A while back, as we were driving through the streets of Cologne, Germany, trying to find a hotel near the famous and gigantic 13th-century cathedral (now a UNESCO World Heritage site), we passed a bar where the merry patrons flowed outside into the street.  We pulled up, and my husband, feeling confident in his German, asked in German, “How do we get to the cathedral?”  Their response was incredulous looks and a few snickers.  He asked again, being a bit more insistent.  And then they started laughing, and gave friendly directions.  Because the central shopping streets were closed to traffic, the directions were complicated.  One of the Germans offered to get in our car and direct us to a hotel they knew nearby.  After settling into the hotel—we could see a bit of the cathedral from our room--my husband looked up “cathedral” in his German dictionary and realized he had been asking for directions to the big “katheter”/catheter not “kathedrale”/cathedral!  We figure the Germans we met are still telling this story, too. 

More things to do in Germany.

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images copyright 2013 Carole Terwilliger Meyers 

Wednesday, November 6, 2013

Sights to See: Saint Brigid’s Well, Ireland

Saint Brigid’s Well  Beside Murphy’s pub, 5 min. from the Cliffs of Moher, in LISCANNOR.  Regarded as a place of healing, the well at this pilgrimage site is in a little cave-like structure filled with offerings that include holy pictures, rosaries, medals, and similar items left by pilgrims.  Steps lead up to a cemetery with a large cross.  This cemetery is where Cornelius O’Brien, who built the tower at the Cliffs of Moher, is buried.

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video c2013 Carole Terwilliger Meyers  



Monday, November 4, 2013

Sights to See: Cliffs of Moher and O’Brien’s Tower, Ireland

Cliffs of Moher  1 hr. NW of Shannon airport, 2 hrs. S of Galway, near the village of Liscannor, +353 65 708 6141.   Opens 9am.  E6, 65+ E4, under 16 free; guided tour E45.  This is Ireland’s most visited natural attraction and a UNESCO recognized Geopark.  Towering 702 feet above the roaring Atlantic Ocean and running for a 5-mile stretch, the shale and sandstone cliffs are so high that the ocean’s roar is heard as just a whisper.  This official entry provides protected cliff-side pathways.  An eco-certified, grass-roofed building embedded unobtrusively in a hillside holds a cafe and the visitor center, where you can view two short movies and take the 5-minute “Ledge Experience.”  Free WiFi is available throughout!  On clear days you can the Aran Islands and on to Connemara.  Rain and fog are disappointing and not unusual, but you will still enjoy a visit.  Hags Head outside Liscannor Village is the most southerly point of the cliffs and the sweet fishing village of Doolin is the northerly point. 

O’Brien’s Tower  €2 , children €1.  Built cliff-side in 1835, this tower stands near the cliffs’ highest point.  You can climb a spiral staircase to a viewing platform on its crenellated top.  The area immediately north known as Cliff of the Foals is a world-famous surf spot.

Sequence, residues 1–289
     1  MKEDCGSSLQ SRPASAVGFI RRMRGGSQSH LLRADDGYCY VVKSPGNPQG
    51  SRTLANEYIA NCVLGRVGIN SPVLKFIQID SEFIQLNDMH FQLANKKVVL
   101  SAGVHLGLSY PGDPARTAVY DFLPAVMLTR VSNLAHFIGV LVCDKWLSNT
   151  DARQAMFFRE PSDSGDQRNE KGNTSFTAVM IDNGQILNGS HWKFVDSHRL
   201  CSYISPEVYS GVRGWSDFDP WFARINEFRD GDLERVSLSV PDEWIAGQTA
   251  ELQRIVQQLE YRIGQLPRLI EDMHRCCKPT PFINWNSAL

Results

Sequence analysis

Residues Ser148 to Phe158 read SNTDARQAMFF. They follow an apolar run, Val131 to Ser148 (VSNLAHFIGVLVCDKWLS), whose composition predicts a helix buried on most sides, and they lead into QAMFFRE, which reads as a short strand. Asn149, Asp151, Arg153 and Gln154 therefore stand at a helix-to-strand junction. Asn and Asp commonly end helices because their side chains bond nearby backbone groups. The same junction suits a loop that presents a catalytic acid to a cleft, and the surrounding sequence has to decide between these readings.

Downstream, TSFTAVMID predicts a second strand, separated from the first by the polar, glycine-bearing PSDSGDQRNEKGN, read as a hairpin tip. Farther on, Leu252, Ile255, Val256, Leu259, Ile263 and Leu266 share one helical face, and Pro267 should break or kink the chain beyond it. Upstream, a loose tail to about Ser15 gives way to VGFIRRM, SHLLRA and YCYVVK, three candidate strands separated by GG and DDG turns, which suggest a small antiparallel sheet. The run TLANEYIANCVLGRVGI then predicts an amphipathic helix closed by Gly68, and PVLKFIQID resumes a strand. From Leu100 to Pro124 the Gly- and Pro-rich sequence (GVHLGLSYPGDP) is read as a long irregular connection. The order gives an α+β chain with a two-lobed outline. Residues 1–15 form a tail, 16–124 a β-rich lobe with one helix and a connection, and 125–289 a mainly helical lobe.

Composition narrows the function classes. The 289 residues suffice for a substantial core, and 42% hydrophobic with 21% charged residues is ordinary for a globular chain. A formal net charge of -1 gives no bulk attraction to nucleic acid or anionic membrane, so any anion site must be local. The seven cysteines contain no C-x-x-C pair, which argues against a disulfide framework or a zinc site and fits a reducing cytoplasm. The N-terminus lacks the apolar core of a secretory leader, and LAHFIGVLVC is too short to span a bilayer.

More things to do in Ireland. 

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first image, vintage photo courtesy of venue; second image c2013 Carole Terwilliger Meyers

Friday, November 1, 2013

Misc.: car rental, Ireland

When renting a car in Ireland, choose the smallest car that can accommodate you and your luggage.  You’ll be glad you did when you find yourself driving along one of the narrow country roads lined with dry-stone walls.  Take note of the the duct-taped mirror in the picture of me in our Dooley Car Rental.  Fortunately the damage was done by someone previous to us, but it is an example of what you might be in for!  Apparently Ireland is one of two countries in Western Europe that have the most traffic accidents (the other is Portugal).  Because most credit cards no longer offer complimentary collision insurance in the Republic of Ireland, you will most likely need to buy Collision Damage Waiver insurance (CDW)--which limits your financial responsibility in case of an accident.  It is expensive.  While you can opt out of the CDW in some countries, it is a mandatory coverage in Ireland (actually, you can waive CDW, however you will be liable for the full value of the car in the event of damage/theft, and you will be required to leave a deposit of €3,000).  After checking with several car rental agencies, Dooley Car Rentals  felt like a good choice to me because it is an Irish company and has a fully inclusive rate.  Be aware that some car rental agencies won’t rent to, or charge additional for, drivers under age 21 or over 69 and for taking a car into Northern Ireland.  Dooley’s is the only company that will provide cars to clients between the ages of 21 and 24, and it doesn’t charge extra for traveling to Northern Ireland.  A piece of advice once you have your car (this was our mantra in Ireland)--look right, drive left.  Another item to consider--though it costs more for an automatic transmission, I did think it was well worth the expense.  And my favorite sign was for “traffic calming” areas before roundabouts, which are prevalent, efficient, and easy to get used to.

More things to do in Ireland.

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image c2013 Gene Meyers